Micronutrient Deficiency

Thiamine (vitamin Bj) is absorbed mainly in the jejunum, by both active and passive diffusion. Because the biological half-life of the vitamin is rather short (in the range of 9 to 18 d) and only a small percentage of a high dose is absorbed (27), patients are at risk of developing deficiency syndromes after bariatric surgery. Over the past two decades, numerous case reports of thiamine deficiency have been reported following both restrictive and restrictive-malabsorptive surgeries (28-45). An acute deficiency of thiamine associated with rapidly progressing clinical symptoms appears to result from a combination of restricted food intake and persistent intractable vomiting. Symptoms commonly occur 1 to 3 mo postoperatively, although they may occur later. The clinical presentation varies, but three conditions have been reported. Classical Wernicke's encephalopathy is the most common presentation and consists of double vision, nystagmus, ataxia, and a global confusion manifested by...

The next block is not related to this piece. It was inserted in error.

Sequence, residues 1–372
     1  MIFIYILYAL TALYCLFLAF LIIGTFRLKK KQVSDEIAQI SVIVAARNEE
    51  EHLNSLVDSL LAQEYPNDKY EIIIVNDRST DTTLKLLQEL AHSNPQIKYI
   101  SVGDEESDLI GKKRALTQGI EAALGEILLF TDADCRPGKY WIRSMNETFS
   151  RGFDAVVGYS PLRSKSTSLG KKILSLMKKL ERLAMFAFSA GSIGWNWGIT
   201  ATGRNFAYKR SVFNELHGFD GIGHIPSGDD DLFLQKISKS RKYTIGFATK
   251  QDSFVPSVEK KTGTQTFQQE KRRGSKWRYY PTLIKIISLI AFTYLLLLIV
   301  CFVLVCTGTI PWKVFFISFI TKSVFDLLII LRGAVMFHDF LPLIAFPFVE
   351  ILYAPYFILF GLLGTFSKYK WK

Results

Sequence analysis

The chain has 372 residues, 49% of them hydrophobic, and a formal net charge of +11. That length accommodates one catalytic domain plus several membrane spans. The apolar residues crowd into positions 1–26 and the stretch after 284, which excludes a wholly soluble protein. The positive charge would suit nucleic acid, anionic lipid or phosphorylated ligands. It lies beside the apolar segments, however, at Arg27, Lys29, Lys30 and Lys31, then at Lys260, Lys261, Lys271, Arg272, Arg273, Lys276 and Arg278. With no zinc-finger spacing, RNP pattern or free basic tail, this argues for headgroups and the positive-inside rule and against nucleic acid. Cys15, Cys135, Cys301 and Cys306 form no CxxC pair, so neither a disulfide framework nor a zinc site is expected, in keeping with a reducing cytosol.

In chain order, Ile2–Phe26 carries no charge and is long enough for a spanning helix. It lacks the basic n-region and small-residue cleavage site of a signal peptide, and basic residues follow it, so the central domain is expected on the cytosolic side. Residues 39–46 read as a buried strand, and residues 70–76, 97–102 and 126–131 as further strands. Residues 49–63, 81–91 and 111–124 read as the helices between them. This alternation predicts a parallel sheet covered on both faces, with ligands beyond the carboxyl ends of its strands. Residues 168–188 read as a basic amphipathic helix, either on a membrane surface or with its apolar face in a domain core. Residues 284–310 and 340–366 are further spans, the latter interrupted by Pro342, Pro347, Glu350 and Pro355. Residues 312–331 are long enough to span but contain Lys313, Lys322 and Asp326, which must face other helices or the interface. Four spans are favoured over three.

Weight Reduction

This procedure is the treatment of choice for patients more than 100 lb over desired weight or who have a BMI greater than 40. The first portion (2030 mL) of the stomach is clipped with staples and anastomosed to the jejunum, bypassing most of the stomach, the entire duodenum and the first 15-20 cm of the jejunum. With this procedure mean weight loss is 65-75 or 35 of initial weight. This procedure can reverse the glycemia of type 2 diabetes if performed early. Perioperative mortality is less than 1 , with deficiencies of calcium, iron, vitamin D, and B12 because of malabsorption. Dumping syndrome and wound infections have been reported, with life-long follow-up necessary to prevent and treat deficiencies and the complications of ulcerations at the gastroenterostomy stoma and the duodenum. 2. Vertical banded gastroplasty. Staples are used to create a 15-20 mL gastric pouch in the upper stomach, with a small calibrated opening in the rest of the stomach. Mean...

Sleeve Gastrectomy